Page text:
As farmers across the Midwest continue to experience record temperatures and lack of rainfall, one question still remains. Will there be an adequate supply of corn and soybean seed for the 2013 planting season? With winter production, seed currently in cold storage and this year's production, Beck's Hybrids is confident it will be able to supply customers with its 2013 seed needs.
"Because we were prepared for unfortunate weather, we’re able to reassure our customers that we will have an adequate seed supply for 2013 planting," said Sonny Beck, president of Beck’s Hybrids. "As an independent seed company, we can make decisions quickly, giving our customers an advantage to access the best performing seed products, developed for their farm."
How does a seed company prepare for severe weather events? Last year, like much of the seed industry, Beck’s experienced a shortage in the seed corn crop. This spring, in an effort to alleviate a seed shortage, Beck’s planted twice the amount of production acres across a wider geography and within a two month window, from April to June. Many of the soils in Beck’s production acres have excellent water holding capacity. Production acres with lighter soils are irrigated.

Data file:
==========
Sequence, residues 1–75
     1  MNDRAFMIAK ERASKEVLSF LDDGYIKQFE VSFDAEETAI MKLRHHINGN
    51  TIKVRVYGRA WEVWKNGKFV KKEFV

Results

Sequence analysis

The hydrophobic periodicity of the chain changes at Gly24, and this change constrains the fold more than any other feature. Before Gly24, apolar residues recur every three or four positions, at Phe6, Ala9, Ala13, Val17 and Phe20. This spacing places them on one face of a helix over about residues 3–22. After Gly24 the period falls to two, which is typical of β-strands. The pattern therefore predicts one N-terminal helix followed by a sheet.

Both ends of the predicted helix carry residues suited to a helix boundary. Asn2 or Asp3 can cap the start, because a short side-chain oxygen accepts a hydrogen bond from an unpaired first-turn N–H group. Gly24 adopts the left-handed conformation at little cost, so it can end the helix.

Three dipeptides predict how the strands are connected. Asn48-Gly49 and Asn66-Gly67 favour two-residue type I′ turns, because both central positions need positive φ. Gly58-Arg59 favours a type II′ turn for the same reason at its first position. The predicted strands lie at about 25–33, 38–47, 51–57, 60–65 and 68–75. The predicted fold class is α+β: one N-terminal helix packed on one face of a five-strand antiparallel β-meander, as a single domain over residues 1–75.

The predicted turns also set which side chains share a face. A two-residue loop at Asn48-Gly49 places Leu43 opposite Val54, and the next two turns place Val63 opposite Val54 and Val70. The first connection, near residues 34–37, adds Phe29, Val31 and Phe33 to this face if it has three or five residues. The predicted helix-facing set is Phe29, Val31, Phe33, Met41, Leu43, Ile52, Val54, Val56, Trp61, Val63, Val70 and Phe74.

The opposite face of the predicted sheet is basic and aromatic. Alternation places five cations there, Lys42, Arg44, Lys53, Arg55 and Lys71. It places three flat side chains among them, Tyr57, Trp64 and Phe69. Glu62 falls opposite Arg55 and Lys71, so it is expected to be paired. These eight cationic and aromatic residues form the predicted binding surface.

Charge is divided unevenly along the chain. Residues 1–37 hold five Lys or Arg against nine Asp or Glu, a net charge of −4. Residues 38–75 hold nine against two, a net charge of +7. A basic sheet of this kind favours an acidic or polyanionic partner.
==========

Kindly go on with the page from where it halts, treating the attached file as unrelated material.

"To achieve the same amount of seed we produced last year, our production acres need to average 22 Bu./A., which is about half of a normal year," said Jason Morehouse, production manager. "And right now, that is what we’re averaging. Fortunately, over the past two weeks we’ve received some very timely and significant rainfall. This, plus carryover seed and seed from winter production should bring our production totals to 150 percent, which is 50 percent more than the seed our customers used last year."
August is the critical time for soybean seed production. Unlike corn, soybeans pollinate over a six-week period, allowing for more opportunity to receive good pollinating weather. Beck’s Hybrids normally plans for 30 to 40 percent more soybean acres than expected sales.
"Our customers not only rely on us to deliver the best performing products, but to provide for their livelihood," said Beck. "We are farmers, too and we understand the challenges our customers face."